practice driving. The cemetery probably was my father's idea. "Who can
your mother hurt in the cemetery?" I remember him saying more than once.
For the next 45 years or so, until she was 90, my mother was the driver in
the family. Neither she nor my father had any sense of direction, but he
loaded up on maps -- though they seldom left the city limits -- and
appointed himself navigator. It seemed to work.
Still, they both continued to walk a lot. My mother was a devout Catholic,
and my father an equally devout agnostic, an arrangement that didn't seem
to bother either of them through their 75 years of marriage.
(Yes, 75 years, and they were deeply in love the entire time.)
He retired when he was 70, and nearly every morning for the next 20 years or
so, he would walk with her the mile to St. Augustine's Church. She would
walk down and sit in the front pew, and he would wait in the back until he
saw which of the parish's two priests was on duty that morning. If it was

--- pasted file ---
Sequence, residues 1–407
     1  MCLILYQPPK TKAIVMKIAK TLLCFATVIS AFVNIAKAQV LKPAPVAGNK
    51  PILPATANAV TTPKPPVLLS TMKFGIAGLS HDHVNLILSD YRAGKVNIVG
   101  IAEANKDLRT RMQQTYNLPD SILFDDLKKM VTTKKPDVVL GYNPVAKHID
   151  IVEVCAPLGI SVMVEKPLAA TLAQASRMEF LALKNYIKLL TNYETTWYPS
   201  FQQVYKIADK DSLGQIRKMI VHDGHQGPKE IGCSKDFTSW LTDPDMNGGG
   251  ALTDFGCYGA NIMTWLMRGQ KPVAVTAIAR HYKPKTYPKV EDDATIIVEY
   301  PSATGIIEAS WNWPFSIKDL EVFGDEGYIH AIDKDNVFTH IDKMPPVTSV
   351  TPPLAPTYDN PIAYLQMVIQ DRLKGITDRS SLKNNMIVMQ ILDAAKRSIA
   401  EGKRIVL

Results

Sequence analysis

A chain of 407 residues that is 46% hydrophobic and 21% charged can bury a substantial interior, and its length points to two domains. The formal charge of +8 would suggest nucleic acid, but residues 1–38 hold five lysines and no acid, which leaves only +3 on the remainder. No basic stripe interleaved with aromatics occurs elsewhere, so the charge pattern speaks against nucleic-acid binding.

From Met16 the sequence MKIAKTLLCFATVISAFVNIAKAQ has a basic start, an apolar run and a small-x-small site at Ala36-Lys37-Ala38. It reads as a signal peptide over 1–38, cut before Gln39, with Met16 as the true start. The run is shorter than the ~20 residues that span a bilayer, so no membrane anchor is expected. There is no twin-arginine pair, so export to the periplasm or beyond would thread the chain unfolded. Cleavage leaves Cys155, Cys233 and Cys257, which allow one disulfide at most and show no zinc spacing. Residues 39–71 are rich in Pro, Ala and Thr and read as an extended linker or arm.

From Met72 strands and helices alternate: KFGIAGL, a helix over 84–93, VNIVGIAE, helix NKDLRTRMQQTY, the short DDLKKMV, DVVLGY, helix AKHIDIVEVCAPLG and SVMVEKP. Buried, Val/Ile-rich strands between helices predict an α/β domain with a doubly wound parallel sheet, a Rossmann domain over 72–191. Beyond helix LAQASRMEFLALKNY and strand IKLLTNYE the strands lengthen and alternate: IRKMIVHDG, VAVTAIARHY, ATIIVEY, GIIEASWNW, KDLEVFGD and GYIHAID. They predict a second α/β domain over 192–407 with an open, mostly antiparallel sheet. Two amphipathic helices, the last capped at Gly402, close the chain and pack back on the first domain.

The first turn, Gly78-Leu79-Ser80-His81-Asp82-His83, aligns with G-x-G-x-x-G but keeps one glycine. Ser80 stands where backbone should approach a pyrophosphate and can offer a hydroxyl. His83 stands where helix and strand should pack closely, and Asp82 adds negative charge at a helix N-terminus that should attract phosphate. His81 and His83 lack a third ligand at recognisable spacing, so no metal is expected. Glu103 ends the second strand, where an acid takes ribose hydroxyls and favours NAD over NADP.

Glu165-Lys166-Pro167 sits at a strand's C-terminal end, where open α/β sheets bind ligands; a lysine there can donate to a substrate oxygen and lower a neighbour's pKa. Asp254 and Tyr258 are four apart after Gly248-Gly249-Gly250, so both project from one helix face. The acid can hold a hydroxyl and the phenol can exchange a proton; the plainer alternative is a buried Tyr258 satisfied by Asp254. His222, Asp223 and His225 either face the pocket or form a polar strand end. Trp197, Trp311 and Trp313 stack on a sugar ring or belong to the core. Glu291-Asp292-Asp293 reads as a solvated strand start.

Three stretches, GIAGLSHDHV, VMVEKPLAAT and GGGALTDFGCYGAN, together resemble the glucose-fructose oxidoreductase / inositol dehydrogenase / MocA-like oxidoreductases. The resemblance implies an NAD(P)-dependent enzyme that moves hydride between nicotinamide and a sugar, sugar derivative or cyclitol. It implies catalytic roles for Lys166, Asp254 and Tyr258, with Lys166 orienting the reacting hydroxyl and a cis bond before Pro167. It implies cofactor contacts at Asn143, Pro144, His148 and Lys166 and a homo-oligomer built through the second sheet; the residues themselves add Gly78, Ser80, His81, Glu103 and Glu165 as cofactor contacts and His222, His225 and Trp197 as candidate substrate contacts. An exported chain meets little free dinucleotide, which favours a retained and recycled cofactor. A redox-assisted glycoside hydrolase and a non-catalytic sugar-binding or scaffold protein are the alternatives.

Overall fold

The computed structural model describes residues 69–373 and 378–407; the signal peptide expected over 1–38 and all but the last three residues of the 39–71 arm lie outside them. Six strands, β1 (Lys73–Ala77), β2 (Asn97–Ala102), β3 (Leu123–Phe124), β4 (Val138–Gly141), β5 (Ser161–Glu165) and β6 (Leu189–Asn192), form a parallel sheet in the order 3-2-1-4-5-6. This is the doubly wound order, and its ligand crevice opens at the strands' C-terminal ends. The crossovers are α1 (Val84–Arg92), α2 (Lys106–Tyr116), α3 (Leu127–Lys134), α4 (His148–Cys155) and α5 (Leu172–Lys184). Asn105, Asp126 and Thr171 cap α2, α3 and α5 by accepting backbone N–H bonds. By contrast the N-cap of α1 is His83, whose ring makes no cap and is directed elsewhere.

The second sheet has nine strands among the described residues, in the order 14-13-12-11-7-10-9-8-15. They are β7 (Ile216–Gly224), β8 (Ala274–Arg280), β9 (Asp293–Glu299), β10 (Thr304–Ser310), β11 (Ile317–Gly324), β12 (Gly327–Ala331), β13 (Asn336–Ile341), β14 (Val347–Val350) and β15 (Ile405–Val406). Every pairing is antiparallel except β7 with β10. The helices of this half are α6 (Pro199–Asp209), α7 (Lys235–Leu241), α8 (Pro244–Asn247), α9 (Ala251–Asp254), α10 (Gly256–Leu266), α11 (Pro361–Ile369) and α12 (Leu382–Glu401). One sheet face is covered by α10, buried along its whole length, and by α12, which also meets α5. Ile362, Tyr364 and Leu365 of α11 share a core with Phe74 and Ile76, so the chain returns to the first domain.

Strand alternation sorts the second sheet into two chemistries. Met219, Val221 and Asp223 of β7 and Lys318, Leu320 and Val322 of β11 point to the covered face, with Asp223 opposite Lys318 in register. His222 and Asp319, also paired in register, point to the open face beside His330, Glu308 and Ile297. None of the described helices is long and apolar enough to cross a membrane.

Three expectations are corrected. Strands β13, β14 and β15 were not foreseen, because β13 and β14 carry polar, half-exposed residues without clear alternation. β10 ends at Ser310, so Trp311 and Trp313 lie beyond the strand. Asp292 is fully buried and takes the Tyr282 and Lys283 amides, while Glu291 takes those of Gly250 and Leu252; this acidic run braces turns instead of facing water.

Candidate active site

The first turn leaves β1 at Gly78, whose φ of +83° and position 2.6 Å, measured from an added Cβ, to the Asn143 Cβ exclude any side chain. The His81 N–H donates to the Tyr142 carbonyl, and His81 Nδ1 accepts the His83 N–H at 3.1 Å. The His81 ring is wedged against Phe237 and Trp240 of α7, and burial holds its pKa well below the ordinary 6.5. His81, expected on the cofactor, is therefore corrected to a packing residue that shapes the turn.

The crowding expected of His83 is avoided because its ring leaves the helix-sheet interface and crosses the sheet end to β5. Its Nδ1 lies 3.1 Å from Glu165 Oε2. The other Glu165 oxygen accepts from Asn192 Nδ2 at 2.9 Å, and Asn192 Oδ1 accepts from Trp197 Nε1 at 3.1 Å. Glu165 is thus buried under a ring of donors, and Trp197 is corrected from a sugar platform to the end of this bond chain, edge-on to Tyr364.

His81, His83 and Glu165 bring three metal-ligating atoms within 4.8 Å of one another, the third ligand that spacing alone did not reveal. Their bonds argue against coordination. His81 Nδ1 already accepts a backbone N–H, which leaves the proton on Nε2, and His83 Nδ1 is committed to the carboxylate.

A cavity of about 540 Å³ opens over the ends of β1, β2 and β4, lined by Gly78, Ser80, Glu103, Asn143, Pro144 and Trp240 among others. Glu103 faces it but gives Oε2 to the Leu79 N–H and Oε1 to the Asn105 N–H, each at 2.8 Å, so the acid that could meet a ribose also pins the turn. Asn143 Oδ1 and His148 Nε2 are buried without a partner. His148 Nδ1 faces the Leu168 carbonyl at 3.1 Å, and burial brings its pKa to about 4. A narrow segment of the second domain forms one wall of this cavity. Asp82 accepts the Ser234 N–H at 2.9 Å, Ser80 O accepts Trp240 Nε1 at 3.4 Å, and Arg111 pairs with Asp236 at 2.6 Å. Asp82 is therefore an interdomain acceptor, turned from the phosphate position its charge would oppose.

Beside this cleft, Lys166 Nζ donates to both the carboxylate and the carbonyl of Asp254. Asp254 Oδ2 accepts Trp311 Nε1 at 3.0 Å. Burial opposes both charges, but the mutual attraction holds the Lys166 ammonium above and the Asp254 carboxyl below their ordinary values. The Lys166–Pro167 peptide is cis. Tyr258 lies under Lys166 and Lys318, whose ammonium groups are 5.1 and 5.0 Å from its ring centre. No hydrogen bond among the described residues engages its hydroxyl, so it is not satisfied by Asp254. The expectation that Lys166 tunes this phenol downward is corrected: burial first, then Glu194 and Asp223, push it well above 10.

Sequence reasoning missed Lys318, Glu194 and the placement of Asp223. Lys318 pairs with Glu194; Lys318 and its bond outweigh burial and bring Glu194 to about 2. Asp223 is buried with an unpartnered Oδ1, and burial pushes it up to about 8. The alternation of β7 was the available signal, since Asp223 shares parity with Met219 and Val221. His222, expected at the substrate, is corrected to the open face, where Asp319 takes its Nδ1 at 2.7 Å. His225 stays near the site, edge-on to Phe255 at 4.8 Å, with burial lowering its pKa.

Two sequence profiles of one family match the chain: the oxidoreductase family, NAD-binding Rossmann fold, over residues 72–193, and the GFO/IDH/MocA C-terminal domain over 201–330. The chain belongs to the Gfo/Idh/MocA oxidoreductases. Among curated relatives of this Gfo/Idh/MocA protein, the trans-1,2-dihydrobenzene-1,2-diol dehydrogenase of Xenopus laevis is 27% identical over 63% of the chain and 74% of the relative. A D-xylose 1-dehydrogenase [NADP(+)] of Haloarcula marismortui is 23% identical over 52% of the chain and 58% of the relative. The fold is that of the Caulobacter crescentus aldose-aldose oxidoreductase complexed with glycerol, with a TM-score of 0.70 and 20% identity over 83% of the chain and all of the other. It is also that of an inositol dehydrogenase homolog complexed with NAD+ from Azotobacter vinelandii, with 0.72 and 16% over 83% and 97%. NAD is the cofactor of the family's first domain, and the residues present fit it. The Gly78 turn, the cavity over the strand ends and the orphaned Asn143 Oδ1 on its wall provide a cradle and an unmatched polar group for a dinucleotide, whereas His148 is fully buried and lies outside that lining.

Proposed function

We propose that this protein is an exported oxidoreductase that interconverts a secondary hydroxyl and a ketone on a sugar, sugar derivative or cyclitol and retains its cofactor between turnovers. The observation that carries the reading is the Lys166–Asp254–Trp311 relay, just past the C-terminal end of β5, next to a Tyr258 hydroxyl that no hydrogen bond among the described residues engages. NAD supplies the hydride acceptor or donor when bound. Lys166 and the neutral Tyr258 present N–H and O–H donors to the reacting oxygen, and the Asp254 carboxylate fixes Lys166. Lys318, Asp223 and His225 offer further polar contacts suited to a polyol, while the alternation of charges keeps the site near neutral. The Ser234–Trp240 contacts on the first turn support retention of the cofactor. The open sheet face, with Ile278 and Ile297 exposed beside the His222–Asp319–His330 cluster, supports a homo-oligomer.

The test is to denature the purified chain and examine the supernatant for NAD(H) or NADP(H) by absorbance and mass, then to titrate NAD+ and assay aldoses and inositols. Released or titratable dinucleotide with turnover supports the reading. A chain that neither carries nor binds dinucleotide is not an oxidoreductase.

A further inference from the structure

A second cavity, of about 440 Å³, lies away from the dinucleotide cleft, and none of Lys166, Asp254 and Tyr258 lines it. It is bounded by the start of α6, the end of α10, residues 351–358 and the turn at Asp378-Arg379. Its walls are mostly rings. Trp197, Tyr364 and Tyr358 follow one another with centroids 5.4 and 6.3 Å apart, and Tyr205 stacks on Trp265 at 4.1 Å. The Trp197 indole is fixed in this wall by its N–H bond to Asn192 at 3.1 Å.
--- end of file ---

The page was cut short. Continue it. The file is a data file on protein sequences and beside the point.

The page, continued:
the pastor, my father then would go out and take a 2-mile walk, meeting my
mother at the end of the service and walking her home.
If it was the assistant pastor, he'd take just a 1-mile walk and then head
back to the church. He called the priests "Father Fast" and
After he retired, my father almost always accompanied my mother whenever she
drove anywhere, even if he had no reason to go along. If she were going to
the beauty parlor, he'd sit in the car and read, or go take a stroll or, if
it was summer, have her keep the engine running so he could listen to the
Cubs game on the radio. In the evening, then, when I'd stop by, he'd
explain: "The Cubs lost again. The millionaire on second base made a bad
throw to the millionaire on first base, so the multimillionaire on third
If she were going to the grocery store, he would go along to carry the bags
out -- and to make sure she loaded up on ice cream. As I said, he was always
the navigator, and once, when he was 95 and she was 88 and still driving, he